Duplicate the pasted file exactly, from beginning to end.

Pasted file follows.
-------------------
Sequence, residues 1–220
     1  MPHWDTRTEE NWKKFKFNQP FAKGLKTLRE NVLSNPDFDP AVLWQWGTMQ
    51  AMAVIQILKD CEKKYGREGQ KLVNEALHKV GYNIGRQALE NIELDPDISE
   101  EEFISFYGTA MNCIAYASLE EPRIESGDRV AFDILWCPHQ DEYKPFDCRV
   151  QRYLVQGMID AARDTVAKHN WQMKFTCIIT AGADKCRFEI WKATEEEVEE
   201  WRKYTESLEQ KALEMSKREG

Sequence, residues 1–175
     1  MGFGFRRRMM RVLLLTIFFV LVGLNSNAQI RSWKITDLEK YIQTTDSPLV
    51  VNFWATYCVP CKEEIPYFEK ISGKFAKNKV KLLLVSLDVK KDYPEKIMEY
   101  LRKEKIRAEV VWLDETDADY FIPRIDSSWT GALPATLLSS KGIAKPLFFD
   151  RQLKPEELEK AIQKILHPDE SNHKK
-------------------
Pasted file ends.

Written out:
Sequence, residues 1–220
     1  MPHWDTRTEE NWKKFKFNQP FAKGLKTLRE NVLSNPDFDP AVLWQWGTMQ
    51  AMAVIQILKD CEKKYGREGQ KLVNEALHKV GYNIGRQALE NIELDPDISE
   101  EEFISFYGTA MNCIAYASLE EPRIESGDRV AFDILWCPHQ DEYKPFDCRV
   151  QRYLVQGMID AARDTVAKHN WQMKFTCIIT AGADKCRFEI WKATEEEVEE
   201  WRKYTESLEQ KALEMSKREG

Sequence, residues 1–175
     1  MGFGFRRRMM RVLLLTIFFV LVGLNSNAQI RSWKITDLEK YIQTTDSPLV
    51  VNFWATYCVP CKEEIPYFEK ISGKFAKNKV KLLLVSLDVK KDYPEKIMEY
   101  LRKEKIRAEV VWLDETDADY FIPRIDSSWT GALPATLLSS KGIAKPLFFD
   151  RQLKPEELEK AIQKILHPDE SNHKK